Mr. Gardner contends that he entered a valid written agreement with the Parole Board that required the Parole Board refrain from revoking his parole for the September 2000 arrest, conditioned upon his having no further parole violations during the period from December 21, 2000, to January 21, 2001.   (See footnote 5)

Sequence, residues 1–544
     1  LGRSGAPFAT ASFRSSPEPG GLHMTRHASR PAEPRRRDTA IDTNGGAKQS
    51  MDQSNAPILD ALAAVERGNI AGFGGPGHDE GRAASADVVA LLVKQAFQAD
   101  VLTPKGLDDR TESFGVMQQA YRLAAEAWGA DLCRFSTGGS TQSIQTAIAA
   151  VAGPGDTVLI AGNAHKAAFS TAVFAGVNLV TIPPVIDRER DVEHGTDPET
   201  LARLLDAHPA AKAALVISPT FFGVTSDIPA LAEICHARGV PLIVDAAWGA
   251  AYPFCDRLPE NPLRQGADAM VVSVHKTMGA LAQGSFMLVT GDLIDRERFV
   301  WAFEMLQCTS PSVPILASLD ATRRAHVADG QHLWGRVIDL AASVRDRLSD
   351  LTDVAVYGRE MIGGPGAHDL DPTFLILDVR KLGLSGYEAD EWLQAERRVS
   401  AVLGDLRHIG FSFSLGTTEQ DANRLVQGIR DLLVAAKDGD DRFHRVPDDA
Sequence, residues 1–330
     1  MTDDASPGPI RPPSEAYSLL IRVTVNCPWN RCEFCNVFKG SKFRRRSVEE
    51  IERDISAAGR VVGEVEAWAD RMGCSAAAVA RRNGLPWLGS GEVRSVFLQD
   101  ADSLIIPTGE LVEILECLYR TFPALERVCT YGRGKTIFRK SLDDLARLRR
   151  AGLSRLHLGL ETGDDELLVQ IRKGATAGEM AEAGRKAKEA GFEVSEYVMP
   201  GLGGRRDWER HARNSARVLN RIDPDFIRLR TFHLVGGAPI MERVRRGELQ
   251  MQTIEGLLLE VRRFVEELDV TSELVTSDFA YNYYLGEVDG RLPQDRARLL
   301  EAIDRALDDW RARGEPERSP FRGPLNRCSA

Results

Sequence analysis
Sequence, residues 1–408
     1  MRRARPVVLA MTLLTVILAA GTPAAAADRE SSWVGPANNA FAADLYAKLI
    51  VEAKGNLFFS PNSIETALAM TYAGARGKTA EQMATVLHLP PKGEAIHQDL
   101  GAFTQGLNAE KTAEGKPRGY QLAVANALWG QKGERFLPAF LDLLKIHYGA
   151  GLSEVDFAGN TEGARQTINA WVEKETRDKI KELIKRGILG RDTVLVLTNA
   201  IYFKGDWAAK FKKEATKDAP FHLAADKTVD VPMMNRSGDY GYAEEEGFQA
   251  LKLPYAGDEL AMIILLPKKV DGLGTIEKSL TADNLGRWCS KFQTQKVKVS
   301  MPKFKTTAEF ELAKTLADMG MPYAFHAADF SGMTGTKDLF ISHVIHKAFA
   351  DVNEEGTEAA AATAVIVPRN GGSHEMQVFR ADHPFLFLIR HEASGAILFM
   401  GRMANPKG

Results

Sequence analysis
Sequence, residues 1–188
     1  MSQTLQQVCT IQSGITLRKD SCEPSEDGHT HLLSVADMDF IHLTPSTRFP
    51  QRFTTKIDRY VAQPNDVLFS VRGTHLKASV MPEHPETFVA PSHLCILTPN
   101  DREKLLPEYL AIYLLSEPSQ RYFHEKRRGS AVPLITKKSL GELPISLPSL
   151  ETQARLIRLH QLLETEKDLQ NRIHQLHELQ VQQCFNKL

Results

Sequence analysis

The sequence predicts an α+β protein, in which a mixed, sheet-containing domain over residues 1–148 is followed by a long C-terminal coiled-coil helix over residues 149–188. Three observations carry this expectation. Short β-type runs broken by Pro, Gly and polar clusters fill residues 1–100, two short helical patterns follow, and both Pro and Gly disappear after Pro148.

In searching for guidance in resolving issues surrounding the effects and implications of an agreement entered into by the Parole Board and a parolee, we observe that there is a close relationship between this type of an agreement and a plea agreement. Indeed, the major difference between these two types of agreements is that a plea agreement is not valid until accepted by a trial court. See Syl. pt. 3, in part, State ex rel. Brewer v. Starcher, 195 W. Va. 185, 465 S.E.2d 185 (1995) (“Although the parties in criminal proceedings have broad discretion in negotiating the terms and conditions of a plea agreement . . ., the decision whether to accept or reject a plea agreement is vested almost exclusively with the circuit court.”). Because these two types of agreements are so similar in use and effect, we find that the law applicable to each should be the same. Consequently, we hold that principles of law developed in relation to plea agreements between the State and a criminal defendant apply with equal force to written conditional agreements entered between the West Virginia Parole Board and a parolee. Accordingly, to resolve the issues raised in connection with the parole agreement before us, we look to principles that are applicable to a plea agreement between the State and a criminal defendant.